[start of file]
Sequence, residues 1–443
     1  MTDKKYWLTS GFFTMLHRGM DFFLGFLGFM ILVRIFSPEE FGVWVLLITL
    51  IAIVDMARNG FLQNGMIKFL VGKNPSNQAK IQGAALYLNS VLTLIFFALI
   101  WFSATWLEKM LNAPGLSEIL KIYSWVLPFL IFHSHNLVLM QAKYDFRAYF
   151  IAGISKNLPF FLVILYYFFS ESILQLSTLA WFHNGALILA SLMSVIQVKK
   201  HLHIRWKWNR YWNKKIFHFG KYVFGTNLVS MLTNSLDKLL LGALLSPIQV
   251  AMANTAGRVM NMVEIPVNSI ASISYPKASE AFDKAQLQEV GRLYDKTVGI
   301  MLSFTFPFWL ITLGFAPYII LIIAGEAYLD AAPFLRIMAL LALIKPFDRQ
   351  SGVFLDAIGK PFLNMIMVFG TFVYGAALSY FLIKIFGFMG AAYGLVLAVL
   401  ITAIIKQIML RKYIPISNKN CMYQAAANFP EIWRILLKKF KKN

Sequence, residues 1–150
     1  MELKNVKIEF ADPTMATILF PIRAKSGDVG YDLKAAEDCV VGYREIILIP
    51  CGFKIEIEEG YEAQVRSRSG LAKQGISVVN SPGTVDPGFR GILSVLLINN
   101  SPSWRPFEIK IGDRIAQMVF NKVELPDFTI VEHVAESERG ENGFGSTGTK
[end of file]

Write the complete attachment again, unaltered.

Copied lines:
Sequence, residues 1–443
     1  MTDKKYWLTS GFFTMLHRGM DFFLGFLGFM ILVRIFSPEE FGVWVLLITL
    51  IAIVDMARNG FLQNGMIKFL VGKNPSNQAK IQGAALYLNS VLTLIFFALI
   101  WFSATWLEKM LNAPGLSEIL KIYSWVLPFL IFHSHNLVLM QAKYDFRAYF
   151  IAGISKNLPF FLVILYYFFS ESILQLSTLA WFHNGALILA SLMSVIQVKK
   201  HLHIRWKWNR YWNKKIFHFG KYVFGTNLVS MLTNSLDKLL LGALLSPIQV
   251  AMANTAGRVM NMVEIPVNSI ASISYPKASE AFDKAQLQEV GRLYDKTVGI
   301  MLSFTFPFWL ITLGFAPYII LIIAGEAYLD AAPFLRIMAL LALIKPFDRQ
   351  SGVFLDAIGK PFLNMIMVFG TFVYGAALSY FLIKIFGFMG AAYGLVLAVL
   401  ITAIIKQIML RKYIPISNKN CMYQAAANFP EIWRILLKKF KKN

Sequence, residues 1–150
     1  MELKNVKIEF ADPTMATILF PIRAKSGDVG YDLKAAEDCV VGYREIILIP
    51  CGFKIEIEEG YEAQVRSRSG LAKQGISVVN SPGTVDPGFR GILSVLLINN
   101  SPSWRPFEIK IGDRIAQMVF NKVELPDFTI VEHVAESERG ENGFGSTGTK